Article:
Colby, Davin, and Gabe, Grade 6 students at Westboro Elementary School

Another advantage of the Callysto platform is that it is free. It costs nothing for teachers to host the Callysto platform and integrate it into their lesson plans, and the training to use it is also free. There is also no need to download individual and expensive software. Instead, Callysto’s learning modules can be easily accessed by teachers and students from any location, through nearly any device with an internet connection.

“A student could pull out his or her iPhone and use Callysto on it,” says Hay. “It also works fine on my Linux laptop here, or on the students’ Chromebooks across the hall.”

Hay’s students agree that the flexibility of the technology is helping to improve their learning experience.

“It is neat that, if you started work in one place, but later you cannot get to that place, you can sign in anywhere,” says grade six student Deniah.

David Hays with student
David Hay, teacher, and Deniah, Grade 6 student, at Westboro Elementary School

“I like Callysto, because it is easy to use,” adds Vijay, another one of Hay’s students. “It has already collected random information for us to use. For example, you can program it so it rolls a dice or flips a coin, and the results will be random each time. We do not actually have to flip a coin or roll a dice over and over again.”

Knowing how to access open data and perform big data processing, visualizations, digital math equations and text formatting is invaluable for today’s youth as they grow into future digital leaders.

“What we are finding is not that jobs are requiring coding skills specifically, but that they require computational thinking,” says Hay. “Knowing how to ask computers the right questions and knowing how to set up basic code, like a loop (running an action over and over), or store something in a variable, are important, and more and more jobs are requiring that skill. Being able to do a lot of this with code will help these students better market themselves in terms of getting a job in the future.”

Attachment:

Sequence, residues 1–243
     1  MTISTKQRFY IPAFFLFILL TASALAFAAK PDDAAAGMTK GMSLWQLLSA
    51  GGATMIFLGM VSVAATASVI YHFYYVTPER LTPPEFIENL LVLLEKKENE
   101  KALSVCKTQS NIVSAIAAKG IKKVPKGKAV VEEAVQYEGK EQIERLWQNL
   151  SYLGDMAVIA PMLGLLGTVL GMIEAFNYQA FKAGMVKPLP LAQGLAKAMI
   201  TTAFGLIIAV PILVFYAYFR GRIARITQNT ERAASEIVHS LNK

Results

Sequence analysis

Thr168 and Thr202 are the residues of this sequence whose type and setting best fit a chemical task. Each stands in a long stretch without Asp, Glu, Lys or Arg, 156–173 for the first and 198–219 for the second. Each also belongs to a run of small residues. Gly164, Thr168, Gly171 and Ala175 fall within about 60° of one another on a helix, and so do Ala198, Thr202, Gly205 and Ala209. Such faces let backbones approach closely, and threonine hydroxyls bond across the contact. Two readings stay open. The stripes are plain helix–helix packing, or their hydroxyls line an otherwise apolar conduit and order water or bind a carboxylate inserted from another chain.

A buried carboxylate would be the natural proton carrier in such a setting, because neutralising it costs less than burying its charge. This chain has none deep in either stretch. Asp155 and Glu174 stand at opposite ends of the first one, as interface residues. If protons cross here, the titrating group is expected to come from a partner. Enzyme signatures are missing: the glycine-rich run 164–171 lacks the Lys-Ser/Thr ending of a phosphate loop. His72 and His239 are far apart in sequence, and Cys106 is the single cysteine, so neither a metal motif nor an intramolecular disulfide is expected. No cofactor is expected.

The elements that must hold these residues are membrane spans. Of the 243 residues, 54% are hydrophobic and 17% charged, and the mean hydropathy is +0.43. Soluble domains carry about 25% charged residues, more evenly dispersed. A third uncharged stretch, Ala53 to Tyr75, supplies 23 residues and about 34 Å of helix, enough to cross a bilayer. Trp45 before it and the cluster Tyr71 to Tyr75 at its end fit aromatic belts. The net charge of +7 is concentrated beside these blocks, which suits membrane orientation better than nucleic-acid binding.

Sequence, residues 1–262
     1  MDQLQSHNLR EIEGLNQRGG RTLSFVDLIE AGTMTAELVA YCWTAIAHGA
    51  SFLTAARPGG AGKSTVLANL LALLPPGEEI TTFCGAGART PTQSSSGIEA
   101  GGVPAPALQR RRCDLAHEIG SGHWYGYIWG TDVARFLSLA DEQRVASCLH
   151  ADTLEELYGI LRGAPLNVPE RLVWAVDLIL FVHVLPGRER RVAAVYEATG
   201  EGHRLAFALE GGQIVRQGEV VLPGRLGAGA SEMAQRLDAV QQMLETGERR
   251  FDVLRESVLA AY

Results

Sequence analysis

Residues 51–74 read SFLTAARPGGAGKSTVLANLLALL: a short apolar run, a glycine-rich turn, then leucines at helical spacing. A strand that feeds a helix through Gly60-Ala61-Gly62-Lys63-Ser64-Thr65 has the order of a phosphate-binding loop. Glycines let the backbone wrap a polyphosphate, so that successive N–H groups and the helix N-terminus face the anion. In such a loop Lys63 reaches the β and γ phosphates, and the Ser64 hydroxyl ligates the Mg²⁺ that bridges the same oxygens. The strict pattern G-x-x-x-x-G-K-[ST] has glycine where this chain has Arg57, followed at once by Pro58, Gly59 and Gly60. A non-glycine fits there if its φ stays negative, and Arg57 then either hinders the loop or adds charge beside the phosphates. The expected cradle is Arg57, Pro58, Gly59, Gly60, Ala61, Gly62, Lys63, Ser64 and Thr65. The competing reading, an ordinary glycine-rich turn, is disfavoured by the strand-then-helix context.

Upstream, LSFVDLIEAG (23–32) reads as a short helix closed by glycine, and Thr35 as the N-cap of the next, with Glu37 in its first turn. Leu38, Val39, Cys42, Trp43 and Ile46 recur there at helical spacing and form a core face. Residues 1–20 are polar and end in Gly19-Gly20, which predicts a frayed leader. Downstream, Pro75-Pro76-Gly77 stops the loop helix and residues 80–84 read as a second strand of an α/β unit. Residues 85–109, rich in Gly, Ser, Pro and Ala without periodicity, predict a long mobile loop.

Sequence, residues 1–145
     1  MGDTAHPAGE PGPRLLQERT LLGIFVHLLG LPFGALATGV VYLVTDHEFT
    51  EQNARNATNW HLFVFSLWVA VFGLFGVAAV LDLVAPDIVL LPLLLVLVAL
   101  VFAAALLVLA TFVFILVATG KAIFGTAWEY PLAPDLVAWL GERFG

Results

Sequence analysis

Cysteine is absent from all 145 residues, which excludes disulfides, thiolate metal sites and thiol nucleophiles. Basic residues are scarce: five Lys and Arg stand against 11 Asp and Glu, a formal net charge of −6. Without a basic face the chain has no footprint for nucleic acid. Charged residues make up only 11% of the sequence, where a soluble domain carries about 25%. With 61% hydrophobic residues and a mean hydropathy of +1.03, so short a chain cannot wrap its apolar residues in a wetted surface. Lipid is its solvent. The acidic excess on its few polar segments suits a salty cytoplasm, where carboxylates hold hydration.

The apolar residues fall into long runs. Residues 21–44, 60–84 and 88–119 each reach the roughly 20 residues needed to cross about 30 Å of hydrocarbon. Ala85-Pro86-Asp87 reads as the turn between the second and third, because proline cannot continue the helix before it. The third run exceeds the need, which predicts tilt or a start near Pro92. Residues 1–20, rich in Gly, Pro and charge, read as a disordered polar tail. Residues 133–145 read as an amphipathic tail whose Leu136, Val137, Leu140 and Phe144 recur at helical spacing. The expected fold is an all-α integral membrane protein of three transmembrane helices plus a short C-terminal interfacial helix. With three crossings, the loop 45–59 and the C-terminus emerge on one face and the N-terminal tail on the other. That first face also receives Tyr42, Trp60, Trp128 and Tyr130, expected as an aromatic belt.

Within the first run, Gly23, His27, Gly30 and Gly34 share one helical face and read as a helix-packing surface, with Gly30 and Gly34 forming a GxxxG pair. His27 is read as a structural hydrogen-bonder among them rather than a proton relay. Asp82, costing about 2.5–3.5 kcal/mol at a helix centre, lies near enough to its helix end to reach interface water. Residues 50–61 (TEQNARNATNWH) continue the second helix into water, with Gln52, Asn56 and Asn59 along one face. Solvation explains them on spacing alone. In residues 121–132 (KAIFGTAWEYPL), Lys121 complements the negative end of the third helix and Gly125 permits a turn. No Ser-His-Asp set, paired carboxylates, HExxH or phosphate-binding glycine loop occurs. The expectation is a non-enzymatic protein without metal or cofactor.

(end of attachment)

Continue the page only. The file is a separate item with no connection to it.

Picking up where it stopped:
Another example of a Callysto module that is helping students strengthen their computational thinking, and something they are working on in Hay’s class, is the ‘turtle’ program. The turtle module is a block coding program that challenges young students to think about problem solving through step-by-step computational tasks.

“Right now I’m working on some turtles,” says Gabe, a grade six student. “There is a bunch of different commands you can do to make turtles work. You can tell them when to turn and how many degrees, or how far to go forwards or backwards. It’s fun.”

Gabe, Grade 6 student, Westboro Elementary School

Westboro Elementary’s principal agrees that it is important for students to strengthen their digital skills and computational thinking. He notes that the education curriculum in Alberta is evolving, and will likely adopt more technology-enhancing programs like Callysto.

“The world, and advancements with computer technology, are changing so fast, and online industries are becoming more and more prevalent, so anything that relates to knowing how to access information and make use of it is going to be important,” says Mike Lastiwka. “Having this knowledge and these skills will help students to become lifelong learners and make the right choices about what kind of career paths to follow.”

“It is important for us to learn these skills because in the future, there might not be many jobs,” says Vijay. “You might need to use programming, and if you learn these things now you will know for later when robots are doing things.”

Watch our blog for more feedback from other schools having fun learning with Callysto.